Speaking at the service in Honiara, Prime Minister Manasseh Sogavare said the twin disaster was the worst incident in the country's history since World War II.
More than 6,000 people lost their homes in western provinces of the Pacific state, and three weeks on, many villagers are still living in makeshift camps on higher ground, too frightened to return home.
Mr Sogavare, who has visited the affected areas, told mourners he had witnessed first-hand the destruction wrought by the earthquake and the tsunami that followed it.
"I was encouraged by the determination of the people to rebuild their lives," he said.
Mr Sogavare praised the relief effort and the work of people who have risked their lives to save others.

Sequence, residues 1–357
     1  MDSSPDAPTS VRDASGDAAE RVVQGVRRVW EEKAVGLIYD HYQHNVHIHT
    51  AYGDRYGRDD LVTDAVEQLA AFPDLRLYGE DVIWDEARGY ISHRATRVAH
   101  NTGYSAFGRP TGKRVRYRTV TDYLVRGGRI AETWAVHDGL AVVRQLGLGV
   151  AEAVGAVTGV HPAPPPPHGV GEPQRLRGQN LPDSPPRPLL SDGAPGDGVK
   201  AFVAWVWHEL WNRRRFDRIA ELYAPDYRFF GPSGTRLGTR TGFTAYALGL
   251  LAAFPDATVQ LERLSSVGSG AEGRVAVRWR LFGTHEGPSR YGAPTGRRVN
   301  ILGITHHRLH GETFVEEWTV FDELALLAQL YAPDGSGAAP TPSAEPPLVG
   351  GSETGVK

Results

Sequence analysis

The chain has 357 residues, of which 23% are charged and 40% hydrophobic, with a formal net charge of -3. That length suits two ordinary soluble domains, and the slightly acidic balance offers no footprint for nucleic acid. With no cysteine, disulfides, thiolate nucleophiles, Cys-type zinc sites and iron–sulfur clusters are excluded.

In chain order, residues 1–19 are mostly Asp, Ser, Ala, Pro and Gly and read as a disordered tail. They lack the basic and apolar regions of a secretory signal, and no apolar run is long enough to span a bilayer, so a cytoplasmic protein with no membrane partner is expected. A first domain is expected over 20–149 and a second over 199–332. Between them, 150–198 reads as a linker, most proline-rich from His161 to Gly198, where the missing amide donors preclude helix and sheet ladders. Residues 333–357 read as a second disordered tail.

"At Titiania village a six-year-old lost his own life trying to save the life of his three-year-old sister. It was a willing act of sacrifice," he said.
A minute of silence was observed at 7.39am local time across the Solomons, marking the moment when the 8.0 magnitude earthquake struck three weeks ago.
Today has been declared a national day of mourning, and shops and businesses across the Solomons are closed.
Another memorial service was held on Gizo, the island worst affected in the disaster.
The National Disaster Management Office says the focus of the relief operation is now on long-term rehabilitation of affected areas.
AFP reports that the government plans to relocate low-lying communities to higher ground to keep them out of the path of any future tsunamis.